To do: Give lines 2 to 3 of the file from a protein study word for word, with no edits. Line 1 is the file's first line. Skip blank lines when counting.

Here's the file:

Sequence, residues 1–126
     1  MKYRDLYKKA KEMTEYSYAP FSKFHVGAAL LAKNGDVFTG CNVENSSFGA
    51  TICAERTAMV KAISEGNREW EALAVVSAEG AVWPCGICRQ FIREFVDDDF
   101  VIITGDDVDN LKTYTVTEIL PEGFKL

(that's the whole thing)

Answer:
     1  MKYRDLYKKA KEMTEYSYAP FSKFHVGAAL LAKNGDVFTG CNVENSSFGA
    51  TICAERTAMV KAISEGNREW EALAVVSAEG AVWPCGICRQ FIREFVDDDF